browser

    Examples of correct code for this rule with browser environment:

    /*eslint no-undef: "error"*/
    /*eslint-env browser*/
    
    setTimeout(function() {
        alert("Hello");
    });

    node

    Examples of correct code for this rule with node environment:

    /*eslint no-undef: "error"*/
    /*eslint-env node*/
    
    var fs = require("fs");
    module.exports = function() {
        console.log(fs);
    };

    When Not To Use It

    If explicit declaration of global variables is not to your taste.

    Compatibility

    This rule provides compatibility with treatment of global variables in JSHint and JSLint. Source: http://eslint.org/docs/rules/

    'Promise' is not defined.
    Open

          var song = new Promise(function (resolve, reject) {
    Severity: Minor
    Found in index.js by eslint

    Disallow Undeclared Variables (no-undef)

    This rule can help you locate potential ReferenceErrors resulting from misspellings of variable and parameter names, or accidental implicit globals (for example, from forgetting the var keyword in a for loop initializer).

    Rule Details

    Any reference to an undeclared variable causes a warning, unless the variable is explicitly mentioned in a /*global ...*/ comment.

    Examples of incorrect code for this rule:

    /*eslint no-undef: "error"*/
    
    var a = someFunction();
    b = 10;

    Examples of correct code for this rule with global declaration:

    /*global someFunction b:true*/
    /*eslint no-undef: "error"*/
    
    var a = someFunction();
    b = 10;

    The b:true syntax in /*global */ indicates that assignment to b is correct.

    Examples of incorrect code for this rule with global declaration:

    /*global b*/
    /*eslint no-undef: "error"*/
    
    b = 10;

    By default, variables declared in /*global */ are read-only, therefore assignment is incorrect.

    Options

    • typeof set to true will warn for variables used inside typeof check (Default false).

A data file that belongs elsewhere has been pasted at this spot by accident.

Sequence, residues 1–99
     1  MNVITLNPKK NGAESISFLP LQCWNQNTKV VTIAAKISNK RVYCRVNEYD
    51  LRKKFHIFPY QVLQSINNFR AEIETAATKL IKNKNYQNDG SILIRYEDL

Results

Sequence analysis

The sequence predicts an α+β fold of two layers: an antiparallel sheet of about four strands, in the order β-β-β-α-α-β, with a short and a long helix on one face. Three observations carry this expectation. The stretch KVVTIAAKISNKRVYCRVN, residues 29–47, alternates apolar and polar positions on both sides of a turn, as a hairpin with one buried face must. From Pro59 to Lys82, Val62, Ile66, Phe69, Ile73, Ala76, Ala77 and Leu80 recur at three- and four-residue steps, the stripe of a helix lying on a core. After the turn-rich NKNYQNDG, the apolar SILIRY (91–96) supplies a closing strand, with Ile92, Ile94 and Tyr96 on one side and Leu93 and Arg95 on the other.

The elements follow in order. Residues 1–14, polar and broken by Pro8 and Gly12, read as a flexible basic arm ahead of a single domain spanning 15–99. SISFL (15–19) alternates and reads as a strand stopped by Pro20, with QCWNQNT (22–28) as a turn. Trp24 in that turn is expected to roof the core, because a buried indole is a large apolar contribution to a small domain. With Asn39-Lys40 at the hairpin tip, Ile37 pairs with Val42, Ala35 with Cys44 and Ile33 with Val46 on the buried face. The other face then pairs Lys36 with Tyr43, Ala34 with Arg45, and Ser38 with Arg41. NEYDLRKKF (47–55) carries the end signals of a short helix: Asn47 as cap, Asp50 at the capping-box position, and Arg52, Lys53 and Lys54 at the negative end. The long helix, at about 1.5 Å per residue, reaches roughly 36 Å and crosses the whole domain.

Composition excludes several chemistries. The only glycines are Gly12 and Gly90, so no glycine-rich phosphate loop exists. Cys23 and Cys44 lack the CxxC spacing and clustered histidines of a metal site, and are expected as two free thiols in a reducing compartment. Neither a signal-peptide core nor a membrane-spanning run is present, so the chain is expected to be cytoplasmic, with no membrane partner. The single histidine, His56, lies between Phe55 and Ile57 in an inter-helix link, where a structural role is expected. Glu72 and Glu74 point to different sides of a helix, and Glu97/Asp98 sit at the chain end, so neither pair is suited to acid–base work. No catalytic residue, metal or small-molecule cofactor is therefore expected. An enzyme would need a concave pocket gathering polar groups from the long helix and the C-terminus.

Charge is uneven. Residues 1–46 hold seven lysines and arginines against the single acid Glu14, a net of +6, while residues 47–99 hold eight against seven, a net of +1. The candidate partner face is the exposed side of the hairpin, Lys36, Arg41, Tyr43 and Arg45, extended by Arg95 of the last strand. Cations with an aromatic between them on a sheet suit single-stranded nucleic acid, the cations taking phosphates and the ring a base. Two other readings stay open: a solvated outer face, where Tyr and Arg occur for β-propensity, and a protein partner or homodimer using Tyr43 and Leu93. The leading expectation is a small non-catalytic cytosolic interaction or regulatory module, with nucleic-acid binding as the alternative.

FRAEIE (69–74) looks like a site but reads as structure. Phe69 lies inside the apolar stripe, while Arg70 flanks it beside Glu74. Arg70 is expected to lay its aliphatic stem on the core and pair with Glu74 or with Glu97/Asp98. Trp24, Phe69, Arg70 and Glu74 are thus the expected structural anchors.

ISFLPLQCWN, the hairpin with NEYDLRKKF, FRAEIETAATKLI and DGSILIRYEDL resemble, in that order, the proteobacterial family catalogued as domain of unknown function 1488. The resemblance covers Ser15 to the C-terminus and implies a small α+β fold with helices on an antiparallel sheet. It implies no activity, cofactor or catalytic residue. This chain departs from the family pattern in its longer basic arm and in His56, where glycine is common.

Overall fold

typeof

    Examples of correct code for the default { "typeof": false } option:

    /*eslint no-undef: "error"*/
    
    if (typeof UndefinedIdentifier === "undefined") {
        // do something ...
    }

    You can use this option if you want to prevent typeof check on a variable which has not been declared.

    Examples of incorrect code for the { "typeof": true } option:

    /*eslint no-undef: ["error", { "typeof": true }] */
    
    if(typeof a === "string"){}

    Examples of correct code for the { "typeof": true } option with global declaration:

    /*global a*/
    /*eslint no-undef: ["error", { "typeof": true }] */
    
    if(typeof a === "string"){}

    Environments

    For convenience, ESLint provides shortcuts that pre-define global variables exposed by popular libraries and runtime environments. This rule supports these environments, as listed in Specifying Environments. A few examples are given below.

    browser

    Examples of correct code for this rule with browser environment:

    /*eslint no-undef: "error"*/
    /*eslint-env browser*/
    
    setTimeout(function() {
        alert("Hello");
    });

    node

    Examples of correct code for this rule with node environment:

    /*eslint no-undef: "error"*/
    /*eslint-env node*/
    
    var fs = require("fs");
    module.exports = function() {
        console.log(fs);
    };

    When Not To Use It

    If explicit declaration of global variables is not to your taste.

    Compatibility

    This rule provides compatibility with treatment of global variables in JSHint and JSLint. Source: http://eslint.org/docs/rules/